- Antibiotics ×
August 9, 2019
This month on the podcast, we spoke with Dr Mayri Alessandra Diaz De Rienzo, Ale for short, who is lecturer in Biotechnology at Liverpool John Moores University, UK. Ale is currently in Quebec, Canada, visiting the lab of Professor Eric Déziel on a Microbiology Society Research Visit Grant. Ale has travelled to Canada to research how biosurfactants can work with antibiotics to make infections easier to treat, and how they might be able to improve the lifespan of antibiotics.
July 26, 2019
This is the first episode of MicroNews, where we discuss the times microbiology and microbiologists have been on TV, in the papers and trending online. This month, Laura and Matt talk about the HPV vaccine, fungal diseases and antimicrobial resistance. We also hear from Professor Sally Bloomfield who talks about the link between allergies and hygiene.
July 17, 2019
Our antimicrobials are slowly being rendered useless. Could it be that we have been producing outdated antimicrobials, while the organisms that naturally produce them have been continuously adapting and changing them? I am a master’s student at Imperial College London, and I have been researching this topic for the past nine months to try and find some answers.
April 15, 2019
Earlier this year, four of our Society Champions represented the Microbiology Society at the Antimicrobial Resistance & Infection Biology (CURE-Infection) Network Early Career Researcher event at Cardiff University. While some of them had worked together before, this was the first time that so many Society Champions have come together to represent the Society. We caught up with Ed Cunningham-Oakes, Laura Kerr, Daniel Morse and Michael Pascoe after the event to find out a little more about their area of specialism, how they found working together for the first time and their advice for anyone who might be thinking about becoming a Society Champion.
March 14, 2019
In 2017, the World Health Organization (WHO) published the ’12 Priority Pathogens’: a list of twelve microbes that are becoming increasingly resistant to current antimicrobials. These twelve pathogens are thought by WHO to pose the greatest threat to human health.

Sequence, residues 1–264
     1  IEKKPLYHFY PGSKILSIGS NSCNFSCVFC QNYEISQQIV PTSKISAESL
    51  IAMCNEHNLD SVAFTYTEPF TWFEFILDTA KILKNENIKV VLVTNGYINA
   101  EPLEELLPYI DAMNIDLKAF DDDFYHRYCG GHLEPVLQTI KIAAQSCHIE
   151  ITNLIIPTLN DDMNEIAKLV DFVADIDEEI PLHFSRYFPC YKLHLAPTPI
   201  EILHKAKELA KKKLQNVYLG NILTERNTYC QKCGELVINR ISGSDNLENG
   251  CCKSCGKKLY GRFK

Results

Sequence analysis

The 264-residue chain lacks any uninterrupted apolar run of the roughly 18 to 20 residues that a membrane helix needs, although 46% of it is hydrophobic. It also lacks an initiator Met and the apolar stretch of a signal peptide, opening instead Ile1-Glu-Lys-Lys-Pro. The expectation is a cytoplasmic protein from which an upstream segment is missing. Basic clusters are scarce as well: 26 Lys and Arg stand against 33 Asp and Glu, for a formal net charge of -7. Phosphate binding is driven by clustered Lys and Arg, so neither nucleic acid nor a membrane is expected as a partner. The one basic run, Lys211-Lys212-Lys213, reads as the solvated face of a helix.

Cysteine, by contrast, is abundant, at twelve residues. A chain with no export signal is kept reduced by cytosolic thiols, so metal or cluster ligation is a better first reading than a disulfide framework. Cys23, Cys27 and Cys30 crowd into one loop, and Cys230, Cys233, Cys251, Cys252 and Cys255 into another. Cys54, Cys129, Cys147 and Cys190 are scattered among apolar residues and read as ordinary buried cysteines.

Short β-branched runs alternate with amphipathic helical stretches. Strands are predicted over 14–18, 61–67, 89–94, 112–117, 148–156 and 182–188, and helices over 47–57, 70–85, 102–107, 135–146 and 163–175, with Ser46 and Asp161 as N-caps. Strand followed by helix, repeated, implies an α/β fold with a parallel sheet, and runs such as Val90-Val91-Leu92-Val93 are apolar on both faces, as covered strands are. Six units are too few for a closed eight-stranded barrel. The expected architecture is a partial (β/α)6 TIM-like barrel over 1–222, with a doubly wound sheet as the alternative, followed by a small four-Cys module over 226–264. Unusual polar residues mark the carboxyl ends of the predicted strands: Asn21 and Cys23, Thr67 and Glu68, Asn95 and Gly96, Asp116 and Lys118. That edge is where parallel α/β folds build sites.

February 8, 2019
On 17-18 January, Microbiology Society member Dr Rachel Exley, lecturer at Oxford University, attended the Wellcome Trust to celebrate 10 years of e-Bug. The event focused on public education of antimicrobial resistance (AMR). Here, Rachel discusses her experience at the event.
January 17, 2019
In 2017 the World Health Organisation (WHO) published the 12 Priority Pathogens. This list is a catalogue of the pathogens they believe pose the greatest threat to human health. The list draws attention to the growing incidence of antimicrobial resistance (AMR) evolving in bacteria, a development that is particularly worrying as genetic material can be passed between different species of bacteria, spreading resistance to life-saving antibiotics.
November 19, 2018
This week, Dr Tina Joshi and colleagues from the University of Plymouth Institute of Translational and Stratified Medicine have arranged a series of activities to engage the public and students for World Antibiotic Awareness Week. The events are running from 12-16th November 2018 and include a “Superbugs Pub Quiz”, research poster exhibition and a Film Screening in association with the Longitude Prize (NESTA). Here, Tina Joshi discusses the potential impact of these events to increase awareness of the antibiotic resistance crisis.